There was one other thing that I really picked up from my time on the hill. During my lessons, I found that it is best to lean into the skis for control. That defies common sense. My initial reaction was to lean back. It's closer to the ground, and leaning forward points down. But the front of the skis is where the control is, and if you lean into the skis, lean down the hill, then you will be in control. Once we lean back, we actually lose control and are headed for a fall. It took a lot of prodding from my ski instructor to get over my tendency to lean back, but it was amazing once I had a little faith and aimed down the mountain.
There is a point to all of this. I bring up the skiing because it reminds me of life in the Holy Spirit. We all want to be in control, and think that pulling back from being too "spiritually minded" keeps us level. I believe that people are uncomfortable with the idea of letting God have too much control, so they "lean back" in their skis, thinking they are in control. But this is backwards. The only way to make it down the mountain safely, to make it through this life victorious, is to lean in to the Spirit. It takes faith to do this, because it looks like we're hanging over the edge. But the control is now in His hands, and it will guide us through the trees, moguls, and all the other obstacles that face us on this mountain. When we lean back, and take the steering power away, that is when we will crash. Lean into the Spirit, trust Him to guide us as we schuss down the slopes, and we will go places we've never thought possible.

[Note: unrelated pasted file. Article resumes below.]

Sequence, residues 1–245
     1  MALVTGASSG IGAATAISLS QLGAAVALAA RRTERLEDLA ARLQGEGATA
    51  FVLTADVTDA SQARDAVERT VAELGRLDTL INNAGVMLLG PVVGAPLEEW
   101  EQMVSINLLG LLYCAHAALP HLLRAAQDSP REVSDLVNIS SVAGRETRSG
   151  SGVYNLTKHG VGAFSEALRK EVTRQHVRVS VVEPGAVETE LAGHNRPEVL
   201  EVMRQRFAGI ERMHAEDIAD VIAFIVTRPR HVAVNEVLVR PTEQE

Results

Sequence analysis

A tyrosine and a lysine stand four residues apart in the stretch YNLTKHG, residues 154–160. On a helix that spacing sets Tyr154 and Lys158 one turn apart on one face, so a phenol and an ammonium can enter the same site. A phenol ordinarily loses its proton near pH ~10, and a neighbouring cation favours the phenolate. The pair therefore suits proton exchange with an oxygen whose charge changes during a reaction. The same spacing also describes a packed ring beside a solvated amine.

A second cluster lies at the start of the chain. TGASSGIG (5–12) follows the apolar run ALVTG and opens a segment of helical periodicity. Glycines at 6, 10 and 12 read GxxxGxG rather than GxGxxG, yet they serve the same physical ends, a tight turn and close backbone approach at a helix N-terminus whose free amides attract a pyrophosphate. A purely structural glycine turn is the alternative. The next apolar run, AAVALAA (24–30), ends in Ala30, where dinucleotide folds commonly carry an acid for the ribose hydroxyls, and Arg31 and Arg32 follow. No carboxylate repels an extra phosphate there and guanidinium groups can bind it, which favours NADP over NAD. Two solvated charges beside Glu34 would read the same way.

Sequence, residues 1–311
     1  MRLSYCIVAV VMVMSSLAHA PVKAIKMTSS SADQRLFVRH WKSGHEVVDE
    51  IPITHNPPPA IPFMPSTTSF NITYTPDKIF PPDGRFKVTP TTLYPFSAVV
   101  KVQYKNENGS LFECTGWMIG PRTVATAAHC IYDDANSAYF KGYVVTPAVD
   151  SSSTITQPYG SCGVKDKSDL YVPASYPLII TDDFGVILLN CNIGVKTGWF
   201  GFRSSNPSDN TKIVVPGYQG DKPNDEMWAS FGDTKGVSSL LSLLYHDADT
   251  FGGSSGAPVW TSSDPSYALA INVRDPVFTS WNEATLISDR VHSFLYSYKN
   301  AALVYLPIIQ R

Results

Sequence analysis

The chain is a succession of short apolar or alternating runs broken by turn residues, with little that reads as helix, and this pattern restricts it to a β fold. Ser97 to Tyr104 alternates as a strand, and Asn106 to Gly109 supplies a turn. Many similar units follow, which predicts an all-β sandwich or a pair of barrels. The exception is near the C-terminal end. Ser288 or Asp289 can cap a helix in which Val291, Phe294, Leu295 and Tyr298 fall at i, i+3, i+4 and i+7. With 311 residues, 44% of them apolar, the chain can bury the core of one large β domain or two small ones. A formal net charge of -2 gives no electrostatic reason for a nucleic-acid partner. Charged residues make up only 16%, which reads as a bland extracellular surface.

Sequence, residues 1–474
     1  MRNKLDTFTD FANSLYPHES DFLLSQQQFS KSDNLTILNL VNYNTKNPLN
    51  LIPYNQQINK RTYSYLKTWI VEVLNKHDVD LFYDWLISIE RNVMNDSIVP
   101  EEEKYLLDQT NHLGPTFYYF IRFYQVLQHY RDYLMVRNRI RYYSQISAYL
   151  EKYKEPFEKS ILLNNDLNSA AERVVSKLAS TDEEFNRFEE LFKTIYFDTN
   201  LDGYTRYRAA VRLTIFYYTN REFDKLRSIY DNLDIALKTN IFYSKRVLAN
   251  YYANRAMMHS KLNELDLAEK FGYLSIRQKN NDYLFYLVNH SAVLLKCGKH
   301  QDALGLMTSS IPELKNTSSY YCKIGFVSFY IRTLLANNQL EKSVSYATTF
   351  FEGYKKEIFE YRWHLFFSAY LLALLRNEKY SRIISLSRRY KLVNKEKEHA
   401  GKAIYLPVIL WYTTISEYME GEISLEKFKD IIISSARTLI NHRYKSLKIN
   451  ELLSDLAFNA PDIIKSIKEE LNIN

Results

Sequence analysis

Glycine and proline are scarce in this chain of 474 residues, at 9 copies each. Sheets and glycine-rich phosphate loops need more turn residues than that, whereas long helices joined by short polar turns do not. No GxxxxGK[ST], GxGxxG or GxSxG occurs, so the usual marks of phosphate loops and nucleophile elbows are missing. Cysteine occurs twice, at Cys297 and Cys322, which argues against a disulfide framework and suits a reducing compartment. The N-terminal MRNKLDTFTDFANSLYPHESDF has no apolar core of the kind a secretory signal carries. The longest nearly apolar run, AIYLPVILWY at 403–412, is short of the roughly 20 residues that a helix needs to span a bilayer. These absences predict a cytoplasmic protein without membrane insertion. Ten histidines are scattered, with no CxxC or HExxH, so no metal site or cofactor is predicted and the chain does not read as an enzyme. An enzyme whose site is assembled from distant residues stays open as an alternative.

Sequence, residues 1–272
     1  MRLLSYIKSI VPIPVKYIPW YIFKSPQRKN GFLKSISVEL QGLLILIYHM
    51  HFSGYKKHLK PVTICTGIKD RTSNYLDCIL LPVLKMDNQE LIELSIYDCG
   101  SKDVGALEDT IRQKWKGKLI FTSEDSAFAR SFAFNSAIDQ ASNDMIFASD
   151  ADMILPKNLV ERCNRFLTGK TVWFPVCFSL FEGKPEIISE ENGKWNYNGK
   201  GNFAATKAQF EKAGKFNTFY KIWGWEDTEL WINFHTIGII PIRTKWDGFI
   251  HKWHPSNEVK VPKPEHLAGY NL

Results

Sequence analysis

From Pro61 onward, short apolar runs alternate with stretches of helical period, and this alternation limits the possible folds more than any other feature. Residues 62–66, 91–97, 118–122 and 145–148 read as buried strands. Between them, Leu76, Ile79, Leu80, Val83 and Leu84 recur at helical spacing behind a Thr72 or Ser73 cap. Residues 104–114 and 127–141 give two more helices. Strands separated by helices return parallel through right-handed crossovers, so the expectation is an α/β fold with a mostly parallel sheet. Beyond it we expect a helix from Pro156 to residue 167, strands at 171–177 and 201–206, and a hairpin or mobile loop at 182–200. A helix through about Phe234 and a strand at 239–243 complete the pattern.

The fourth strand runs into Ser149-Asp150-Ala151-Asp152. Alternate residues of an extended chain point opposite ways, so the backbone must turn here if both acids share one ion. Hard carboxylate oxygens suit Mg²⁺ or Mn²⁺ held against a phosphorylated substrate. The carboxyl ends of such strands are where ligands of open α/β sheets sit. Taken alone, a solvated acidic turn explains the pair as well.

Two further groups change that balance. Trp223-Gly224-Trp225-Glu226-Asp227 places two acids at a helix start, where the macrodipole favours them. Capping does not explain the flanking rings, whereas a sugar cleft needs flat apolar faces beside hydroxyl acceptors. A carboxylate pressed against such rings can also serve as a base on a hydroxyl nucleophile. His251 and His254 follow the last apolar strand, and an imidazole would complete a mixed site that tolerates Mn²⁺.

That's my skiing lesson for today. I wish I could say that I'm still a skier. A couple of years later I was racing my kamikaze twelve-year-old Andy down the mountain when a nasty crash put me down. My fearless little girl swooshed down the hill, as I climbed out of a snow bank with a sprained knee. It's never been quite the same since. Now my skiing rush is of the spiritual variety, and let me tell you, it is a ride like no other!
Friday, December 01, 2006
Big Boy Buck--Part 2
So there I was on the ground with my bow tied up, and I was sawin' away. I cut my bow free, afraid to unlatch it because of the awful metallic clang that would echo all over tarnation. I got my bow in my hand, steadied the arrow, and looked Big Boy Buck straight in the eye.
He grunted and stomped his foot, accepting the challenge of our meeting eyes. Now I ain't never got buck fever before. Big Boy Buck is a special case, though. He's the biggest whitetail I've ever seen that ain't been on the pages of my huntin' magazine my dear wife's always throwing away. My hands started shakin' and sweat dripped down my forehead. If I could just get a good shot, Big Boy Buck'd be in the record book for sure and he'd be mounted on my wall.
One thing's for sure about my lovely wife, she loves venison. and boy does she know how to cook it. People come from all over the county to get her recipes. So she doesn't mind me hunting. That's the good thing about women in Idaho. They ain't afraid of hardly nothin'. Wish I wasn't afraid of Big Boy Buck, but the way he was snortin' and stompin' and carryin' on, I thought he was gonna ram that huge rack of his in my chest.